Getting Started

A script in AddyScript is any sequence of statements. Even an empty file is a valid script. A statement is anything from an import directive to a try-catch block. There is no special order in which you should arrange your statements. For example, you can assign a variable, then declare a class and after that call a function. Some statements embed others. However, there is a subset of statements that are not embeddable. These include import directives, class declarations and function declarations. They can only be used at the root level (i.e. out of any block). Below are some examples of scripts:

A simple "Hello World"

println('Hello World!');

The sum and averrage of n numbers

n = (int) readln('How many numbers? ');  
sum = 0;  
 
for (i = 0; i < n; ++i)  
{  
    print('Item number {0}: ', i + 1);  
    sum += (float) readln();  
}  
 
println('The sum is {0}', sum);  
println('The averrage is {0}', sum / n);

A function to say "Hello"

function hello(name)  
{  
    println('Hello ' + name);  
    if (name == 'roger')
        println('Have you been a football player?');   
}


names = ['john', 'mike', 'bill', 'david', 'mark', 'roger'];  

// Hello to anyone:  
foreach (name in names)  
hello(name);  

// Another way to do the same stuff:  
names.each(hello);  

// Or without declaring the 'hello' function at all:  
names.each(function (x)  
{  
    println('Hello ' + x);  
    if (x != 'bill') return;  
    println('Have you been a CEO somewhere?');  
});


Well, now you can try your own.

Last edited Feb 14, 2012 at 12:32 PM by addy, version 5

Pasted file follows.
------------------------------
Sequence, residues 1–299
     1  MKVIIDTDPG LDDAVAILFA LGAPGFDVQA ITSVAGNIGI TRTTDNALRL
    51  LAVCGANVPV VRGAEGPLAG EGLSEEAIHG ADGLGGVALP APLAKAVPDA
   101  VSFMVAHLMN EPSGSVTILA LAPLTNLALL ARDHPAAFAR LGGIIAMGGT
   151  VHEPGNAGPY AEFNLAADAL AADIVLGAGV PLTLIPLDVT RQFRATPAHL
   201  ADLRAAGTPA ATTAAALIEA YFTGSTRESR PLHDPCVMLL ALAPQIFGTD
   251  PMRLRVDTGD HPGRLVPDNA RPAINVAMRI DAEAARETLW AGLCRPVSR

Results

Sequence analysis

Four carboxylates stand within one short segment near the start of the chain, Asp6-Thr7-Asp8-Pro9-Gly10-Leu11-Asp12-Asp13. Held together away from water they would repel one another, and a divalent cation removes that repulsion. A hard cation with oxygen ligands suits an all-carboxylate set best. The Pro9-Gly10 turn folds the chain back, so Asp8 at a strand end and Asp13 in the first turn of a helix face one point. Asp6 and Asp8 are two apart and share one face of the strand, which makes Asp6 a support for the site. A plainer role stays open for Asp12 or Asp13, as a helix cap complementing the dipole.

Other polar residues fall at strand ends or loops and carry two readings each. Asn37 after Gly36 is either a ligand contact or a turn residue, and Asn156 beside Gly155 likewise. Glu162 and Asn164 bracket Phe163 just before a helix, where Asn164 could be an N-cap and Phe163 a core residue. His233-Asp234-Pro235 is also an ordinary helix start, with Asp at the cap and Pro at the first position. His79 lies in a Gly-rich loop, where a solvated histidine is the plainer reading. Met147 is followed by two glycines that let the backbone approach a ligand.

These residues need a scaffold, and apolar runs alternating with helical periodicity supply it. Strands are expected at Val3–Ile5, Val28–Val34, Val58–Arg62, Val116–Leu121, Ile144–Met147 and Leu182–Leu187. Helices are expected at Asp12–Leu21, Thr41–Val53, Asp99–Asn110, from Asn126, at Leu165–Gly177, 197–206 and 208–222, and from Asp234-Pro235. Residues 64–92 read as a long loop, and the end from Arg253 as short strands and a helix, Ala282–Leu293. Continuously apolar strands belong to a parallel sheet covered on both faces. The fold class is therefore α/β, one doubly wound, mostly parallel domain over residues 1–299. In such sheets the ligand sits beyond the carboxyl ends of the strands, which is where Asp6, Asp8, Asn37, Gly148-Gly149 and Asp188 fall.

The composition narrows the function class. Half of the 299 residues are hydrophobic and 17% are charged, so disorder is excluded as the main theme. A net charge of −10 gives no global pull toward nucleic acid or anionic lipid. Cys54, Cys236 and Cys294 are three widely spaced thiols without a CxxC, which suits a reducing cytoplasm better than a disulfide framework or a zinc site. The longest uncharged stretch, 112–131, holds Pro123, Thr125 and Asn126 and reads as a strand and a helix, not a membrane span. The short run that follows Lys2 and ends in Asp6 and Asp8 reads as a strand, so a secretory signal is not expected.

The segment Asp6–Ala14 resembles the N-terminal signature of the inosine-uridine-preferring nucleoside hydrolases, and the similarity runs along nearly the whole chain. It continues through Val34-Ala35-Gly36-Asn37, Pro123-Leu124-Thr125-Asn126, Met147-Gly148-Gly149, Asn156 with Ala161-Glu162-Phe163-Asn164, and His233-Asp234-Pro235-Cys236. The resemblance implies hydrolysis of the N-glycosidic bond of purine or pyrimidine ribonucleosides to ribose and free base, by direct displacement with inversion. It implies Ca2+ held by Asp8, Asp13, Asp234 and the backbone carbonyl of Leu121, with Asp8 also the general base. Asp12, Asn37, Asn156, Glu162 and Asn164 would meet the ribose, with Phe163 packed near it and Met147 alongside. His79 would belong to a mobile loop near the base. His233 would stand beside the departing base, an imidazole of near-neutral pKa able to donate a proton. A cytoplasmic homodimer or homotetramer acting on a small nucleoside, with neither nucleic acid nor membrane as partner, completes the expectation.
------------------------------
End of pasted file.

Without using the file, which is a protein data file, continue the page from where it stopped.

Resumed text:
Comments

addy Apr 4, 2012 at 1:39 PM 
Yes of course you can add a reference to (not a single class but) a whole assembly from a script. To achieve this, you must add the target assembly to the "References" property of your "ScriptContext" (that is one of the objects you use to initialize the scripting engine before invoking it). Any public class of that assembly will then be made accessible to your script. In the next release of AddyScript, there will be a mean for managing references from the script itself (as well as a mean of using .Net types without having to type their fully qualified names).
AddyScript accesses to any public member of a .Net class. I think it's more natural to do so.
The small graphical editor is shipped with a help manual in the CHM format. This one includes a syntax reference and provides a better description of the language than this single page (however, the page will get more content in the time).

kroltan Apr 1, 2012 at 9:31 PM 
Hey, how can I reference a .NET class from a addy? Do I just use it normally (Class.DoStuff())? If yes, how can I limit what AddyScript has access to?
Also, is there a syntax reference?